Many people don’t know that mental-health parity is the law. This means health-insurance plans must provide the same coverage for treatment of mental illness and addiction as for physical ailments. Congress passed legislation to this effect in 1996 and strengthened requirements in 2008, but it took the enactment of the Affordable Care Act to truly deliver on the promise.
Before the ACA, a person with a diagnosis of bipolar disorder couldn’t obtain private health insurance in most states, according to the Kaiser Family Foundation. Today, no one with a preexisting condition — including mental illness — can be denied coverage. Whereas many health plans once excluded behavioral-health services — i.e., treatment for mental-health conditions and addiction — they are now an “essential benefit” required by law.
And there are other improvements being driven by the ACA. Today, mental-health screenings are taking place as part of regular checkups. Care coordination is helping patients and their doctors put together integrated care plans. And technologies are making it possible to access mental-health resources from a smartphone.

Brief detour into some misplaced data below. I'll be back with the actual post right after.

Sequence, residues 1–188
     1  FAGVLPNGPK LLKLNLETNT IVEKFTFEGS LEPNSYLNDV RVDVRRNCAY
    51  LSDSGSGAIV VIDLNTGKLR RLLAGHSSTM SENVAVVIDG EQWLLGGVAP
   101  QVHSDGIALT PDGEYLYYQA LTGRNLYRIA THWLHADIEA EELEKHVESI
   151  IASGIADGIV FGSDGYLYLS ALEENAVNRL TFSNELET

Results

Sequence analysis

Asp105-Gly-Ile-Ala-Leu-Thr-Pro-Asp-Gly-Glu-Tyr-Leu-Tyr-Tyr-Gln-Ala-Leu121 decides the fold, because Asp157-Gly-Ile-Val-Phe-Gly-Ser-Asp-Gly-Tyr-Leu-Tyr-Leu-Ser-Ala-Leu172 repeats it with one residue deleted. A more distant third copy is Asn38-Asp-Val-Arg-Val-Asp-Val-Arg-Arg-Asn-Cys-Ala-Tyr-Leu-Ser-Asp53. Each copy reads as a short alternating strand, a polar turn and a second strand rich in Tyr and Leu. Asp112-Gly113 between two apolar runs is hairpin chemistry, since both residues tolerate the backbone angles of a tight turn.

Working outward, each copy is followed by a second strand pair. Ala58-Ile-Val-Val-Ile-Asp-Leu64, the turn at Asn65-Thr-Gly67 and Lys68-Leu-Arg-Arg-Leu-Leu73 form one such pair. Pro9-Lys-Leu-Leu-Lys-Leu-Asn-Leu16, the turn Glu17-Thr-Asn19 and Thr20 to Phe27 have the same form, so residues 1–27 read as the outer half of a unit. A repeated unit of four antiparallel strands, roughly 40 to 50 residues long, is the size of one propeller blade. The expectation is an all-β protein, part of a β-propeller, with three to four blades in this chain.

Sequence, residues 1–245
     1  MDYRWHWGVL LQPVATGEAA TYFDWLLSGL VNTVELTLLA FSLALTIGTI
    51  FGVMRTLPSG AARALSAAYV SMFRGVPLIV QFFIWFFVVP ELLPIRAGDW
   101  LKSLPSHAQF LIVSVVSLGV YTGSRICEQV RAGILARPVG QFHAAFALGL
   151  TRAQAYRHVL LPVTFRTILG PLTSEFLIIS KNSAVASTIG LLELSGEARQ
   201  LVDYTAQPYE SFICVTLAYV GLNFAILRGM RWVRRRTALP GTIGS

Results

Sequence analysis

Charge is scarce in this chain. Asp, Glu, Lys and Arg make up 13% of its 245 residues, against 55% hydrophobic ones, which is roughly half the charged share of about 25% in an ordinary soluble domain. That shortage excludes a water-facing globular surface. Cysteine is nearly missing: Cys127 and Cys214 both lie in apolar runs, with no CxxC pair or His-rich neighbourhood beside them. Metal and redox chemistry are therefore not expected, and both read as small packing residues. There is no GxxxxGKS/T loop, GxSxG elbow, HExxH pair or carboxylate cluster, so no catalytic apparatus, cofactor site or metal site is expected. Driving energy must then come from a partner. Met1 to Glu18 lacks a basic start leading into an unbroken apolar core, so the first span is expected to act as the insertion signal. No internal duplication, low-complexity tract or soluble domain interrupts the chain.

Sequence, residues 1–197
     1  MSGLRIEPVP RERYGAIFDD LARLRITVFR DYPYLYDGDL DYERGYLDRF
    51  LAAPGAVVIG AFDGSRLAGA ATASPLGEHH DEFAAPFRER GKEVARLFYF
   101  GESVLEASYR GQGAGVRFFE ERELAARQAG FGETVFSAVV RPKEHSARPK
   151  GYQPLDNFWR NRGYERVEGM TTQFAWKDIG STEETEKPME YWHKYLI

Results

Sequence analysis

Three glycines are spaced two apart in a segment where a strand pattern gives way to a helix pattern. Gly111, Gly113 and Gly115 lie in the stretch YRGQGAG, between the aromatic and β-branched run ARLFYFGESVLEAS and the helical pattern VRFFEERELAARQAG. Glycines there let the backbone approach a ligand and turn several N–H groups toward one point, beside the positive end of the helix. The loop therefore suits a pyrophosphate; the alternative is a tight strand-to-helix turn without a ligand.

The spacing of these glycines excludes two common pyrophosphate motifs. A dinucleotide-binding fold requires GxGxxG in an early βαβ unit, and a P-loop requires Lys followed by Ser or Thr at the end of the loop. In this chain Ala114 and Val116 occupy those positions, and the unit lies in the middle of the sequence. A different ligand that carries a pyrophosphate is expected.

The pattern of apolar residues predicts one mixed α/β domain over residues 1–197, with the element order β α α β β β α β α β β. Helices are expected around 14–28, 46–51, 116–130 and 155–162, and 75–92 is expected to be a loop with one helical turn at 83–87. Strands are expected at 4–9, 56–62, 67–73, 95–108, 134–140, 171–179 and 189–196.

This is vital because more than 50 percent of Americans will develop a mental illness or disorder during their lifetimes. That’s why former congressman and mental-health advocate Patrick J. Kennedy recommends that everyone get a “checkup from the neck up.” Mental-health screenings save lives. And they’re covered — so talk to your health plan or your doctor.
One solution the National Alliance on Mental Illness has advocated is to expand Medicaid as allowed under the ACA. Virginia recently voted to do so, joining Maryland and the District. Now very-low-income families throughout our region will have far greater access to mental-health care.
This hard-won victory demonstrates what’s possible when we come together to protect and build on the ACA. Good mental health is an essential component of wellness. Everyone deserves access to high-quality care, and we should all make use of the coverage we have.
If you or a loved one needs help and doesn’t know how to get it, contact the NAMI HelpLine at 800-950-6264.